out a settler. Quite early in the
afternoon it began to snow, but
the wind was light and the par
ty pressed on, anxious to reach
Wilmar with no delay. When
within about eight miles of Wil
mar the wind began to increase,
and blew directly in their faces.
They viewed the situation with
considerable dismay, and about
half concluded to turn about and
retreat to a house about eight
miles in tho 'rear, and fortunate
would it have been had they
done so. But about a mile
ahead was the house of a man
named Meagher, and the party
finaly determined to press on to
this refuge.
The storm continued to in
crease In violence, however, and
the wind burled the falling and
drifting particles of ioa against
and about them until thy were
obliged to turn their faces from
the storm and trust to the in
eticts of their animals to keep
the right direction. Drifts be
gan to meet them, and their1
horses could scarcely flounder
through them. It was now too,
late, and equally too hazardous
to take the back track, and they
pushed on into the bitter hurri
cane in the hope of reaching
But now their horses gave out
and became stalled in a succes
sion of deep drifts. It was
found impossible to extricate
the sleighs, and the only alterna
tive was to build the best protec
tion their circumstances would
allow. One sleigh box was set
up edgeways, turned from the
wind, and another Was leaned
against it to serve as a cover and
a brace. About this insecure
and flimsy shelter sacks of grain
were packed, and inside the five
men were crowded, after having
first cut loose tho horses.
This was about four o'clock
Tuesday, and of course they had
no food, and but a meager supply
of blankets. The snow, driven
across the prairies like stunning
darts of lightning, was forced
through every crevice, and pck
ed against and above the littlo
shelter, and in upon the men,
and with such force was it blown
that it was packed firm as sheets
of ice. Tuesday night passed,
and Wednesday Mike Holden
announced his intention of seek
ing Meagher's house. He tried
to persuade the others to accom
pany him, but they considered
themselves safest where they
were, and declined. Ho started
o,ut and suoceeded in reaching
the -iioase, having both hands
frozen o 'Dfl W8J- The storm
continued sev?re that no at
tempt could be made to rescue
the others at that Jime. They in
the meantime were Buffering all
the pangs of cold and hunger,
and it is quite probable that
some of them became delirious,
for when found they were lying
out of and near the shelter.
About ten o'clock Friday
morning a man, passing along
tho road with an ox team, heard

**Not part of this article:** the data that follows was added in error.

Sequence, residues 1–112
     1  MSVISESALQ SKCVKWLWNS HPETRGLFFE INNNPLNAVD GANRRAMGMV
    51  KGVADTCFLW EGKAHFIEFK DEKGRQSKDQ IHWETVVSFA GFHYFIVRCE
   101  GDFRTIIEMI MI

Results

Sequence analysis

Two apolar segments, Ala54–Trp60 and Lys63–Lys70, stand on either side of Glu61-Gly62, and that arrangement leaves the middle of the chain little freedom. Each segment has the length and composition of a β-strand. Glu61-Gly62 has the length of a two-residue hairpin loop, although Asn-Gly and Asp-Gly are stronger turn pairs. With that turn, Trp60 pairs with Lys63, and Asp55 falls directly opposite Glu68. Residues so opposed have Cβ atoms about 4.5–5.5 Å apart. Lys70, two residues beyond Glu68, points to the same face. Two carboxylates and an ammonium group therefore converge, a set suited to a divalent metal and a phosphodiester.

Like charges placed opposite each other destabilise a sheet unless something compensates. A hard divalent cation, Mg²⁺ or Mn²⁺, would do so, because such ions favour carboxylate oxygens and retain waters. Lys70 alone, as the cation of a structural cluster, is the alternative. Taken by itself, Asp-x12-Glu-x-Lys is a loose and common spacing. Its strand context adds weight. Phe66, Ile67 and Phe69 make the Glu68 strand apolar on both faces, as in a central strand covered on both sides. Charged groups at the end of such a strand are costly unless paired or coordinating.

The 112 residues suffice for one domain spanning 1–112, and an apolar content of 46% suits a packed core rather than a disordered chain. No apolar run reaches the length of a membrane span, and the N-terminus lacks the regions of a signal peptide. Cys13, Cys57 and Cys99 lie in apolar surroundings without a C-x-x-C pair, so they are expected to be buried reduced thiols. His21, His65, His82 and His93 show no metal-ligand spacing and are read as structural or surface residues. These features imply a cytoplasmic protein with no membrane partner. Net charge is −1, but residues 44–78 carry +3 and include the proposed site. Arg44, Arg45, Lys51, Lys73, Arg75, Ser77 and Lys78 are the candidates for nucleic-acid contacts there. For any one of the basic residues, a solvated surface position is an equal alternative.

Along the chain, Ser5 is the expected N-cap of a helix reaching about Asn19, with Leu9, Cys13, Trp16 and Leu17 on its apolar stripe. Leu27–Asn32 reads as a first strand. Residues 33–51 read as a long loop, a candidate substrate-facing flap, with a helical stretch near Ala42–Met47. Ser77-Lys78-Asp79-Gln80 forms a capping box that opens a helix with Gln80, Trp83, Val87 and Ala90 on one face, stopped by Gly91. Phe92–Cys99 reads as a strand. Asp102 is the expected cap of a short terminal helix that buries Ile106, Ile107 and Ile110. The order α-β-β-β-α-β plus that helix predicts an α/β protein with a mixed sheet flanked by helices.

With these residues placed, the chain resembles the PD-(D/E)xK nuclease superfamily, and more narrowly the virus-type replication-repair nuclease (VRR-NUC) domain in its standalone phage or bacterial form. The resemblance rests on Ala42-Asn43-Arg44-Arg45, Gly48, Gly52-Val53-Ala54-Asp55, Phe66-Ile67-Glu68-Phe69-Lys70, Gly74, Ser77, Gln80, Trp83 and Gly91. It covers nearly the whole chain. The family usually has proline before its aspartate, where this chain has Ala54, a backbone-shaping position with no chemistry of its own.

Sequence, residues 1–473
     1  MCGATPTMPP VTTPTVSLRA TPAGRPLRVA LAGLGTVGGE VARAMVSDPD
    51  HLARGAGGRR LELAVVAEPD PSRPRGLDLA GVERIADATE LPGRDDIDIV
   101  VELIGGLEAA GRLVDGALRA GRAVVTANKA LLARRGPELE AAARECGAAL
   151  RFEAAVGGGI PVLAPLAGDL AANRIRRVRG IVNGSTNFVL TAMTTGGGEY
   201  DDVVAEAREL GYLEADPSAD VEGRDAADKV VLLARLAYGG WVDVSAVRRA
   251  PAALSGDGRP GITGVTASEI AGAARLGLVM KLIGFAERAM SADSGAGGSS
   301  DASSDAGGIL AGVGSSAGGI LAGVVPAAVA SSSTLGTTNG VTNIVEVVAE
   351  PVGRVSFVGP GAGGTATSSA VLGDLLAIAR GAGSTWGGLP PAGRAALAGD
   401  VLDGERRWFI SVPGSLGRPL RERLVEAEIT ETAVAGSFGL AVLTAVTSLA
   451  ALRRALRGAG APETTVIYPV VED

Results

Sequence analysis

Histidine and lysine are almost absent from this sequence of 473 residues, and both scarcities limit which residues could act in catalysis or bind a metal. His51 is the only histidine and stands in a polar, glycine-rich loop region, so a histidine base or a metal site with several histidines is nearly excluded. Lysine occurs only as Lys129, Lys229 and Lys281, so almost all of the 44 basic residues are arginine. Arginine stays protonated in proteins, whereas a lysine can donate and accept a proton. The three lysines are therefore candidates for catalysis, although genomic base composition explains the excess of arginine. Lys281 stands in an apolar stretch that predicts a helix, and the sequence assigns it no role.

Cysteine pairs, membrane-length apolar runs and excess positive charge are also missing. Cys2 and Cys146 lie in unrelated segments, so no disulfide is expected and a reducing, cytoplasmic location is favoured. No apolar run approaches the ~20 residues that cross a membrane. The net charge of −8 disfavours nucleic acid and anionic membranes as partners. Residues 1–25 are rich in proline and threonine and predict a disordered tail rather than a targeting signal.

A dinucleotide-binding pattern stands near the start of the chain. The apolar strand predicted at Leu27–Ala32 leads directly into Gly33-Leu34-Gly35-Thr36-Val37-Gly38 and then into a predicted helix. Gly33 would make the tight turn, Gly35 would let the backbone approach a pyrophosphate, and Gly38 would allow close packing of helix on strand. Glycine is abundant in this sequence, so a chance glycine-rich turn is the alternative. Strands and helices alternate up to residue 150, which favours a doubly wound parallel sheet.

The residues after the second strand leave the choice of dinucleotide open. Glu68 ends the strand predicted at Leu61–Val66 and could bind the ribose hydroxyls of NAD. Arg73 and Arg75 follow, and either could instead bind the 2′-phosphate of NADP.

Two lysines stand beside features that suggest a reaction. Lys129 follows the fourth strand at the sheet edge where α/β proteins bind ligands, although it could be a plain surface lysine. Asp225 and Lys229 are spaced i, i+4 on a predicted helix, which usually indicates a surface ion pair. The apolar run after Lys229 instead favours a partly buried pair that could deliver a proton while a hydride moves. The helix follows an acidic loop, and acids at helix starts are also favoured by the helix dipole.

shouts as of some one iu distress,
and upon making search discov
ered the little barricade eovered
with packed snow, and was hor
ified, upon disturbing several ap
parent knolls in the vicinity, to
find that they contained the
dead bodies of men. He found
tho bodies of Thomas Holden,
Stephen O'Neil and John O'Neil,
the first two quite dead, and the
latter with life almost extinct.
Upon searching under the cov
er he discovered two feet pro
truding from the snow, and
breaking away the crust he found
Charles O'Neil, alive, but in a
terrible condition. . .
The bodies were lugged to his
sled and Conveyed to Meagher's,
and thence to Wilmar, John 0'
Neil dying before retching that
place. The details of the suffer
ings of Charles O'Neil are horri
Tying and almost incredible. It
seems that he had laid down im
mediately upon, entering the cov
er, and had, while in this possi
tion, been fastened down by the
terrible weight of the snow
which drifted upon him,. or rath
er upon the upper portion of his
body. It was so heavy, he said,
as to cause almost unbearable
torture. After he found he was
unable to rise, and that the snow
was covering his head, he feared
suffocation, and to keep that
member free he constantly raised
and lowered it, and in this man ner,
while he could not prevent
tho drift from forming over it, he
formed an air chamber, which
prevented suffocation. In his
endeavor to free his head the
poor fellow actually tore the hair
almost entirely from the scalp.
11 ere he lay, with his feet
frozen stiff and the crual frost
slowly creeping up his limbs,
and unable to move scarce a
muscle of his body, from Tues
day night until Friday noon.
Can a more horrible situation
be imagined? The poor fel
low's right arm is frozen to
the elbow, the right leg to the
knee and the left leg above
the anklo. These members
are thus far completely dead,
and he has been lying at Wil
mar until yesterday, when the
first train succeeded in getting
through. Five of the horses
were frozen' to death, and the
others were found five miles
away -all right.
When a person wishes to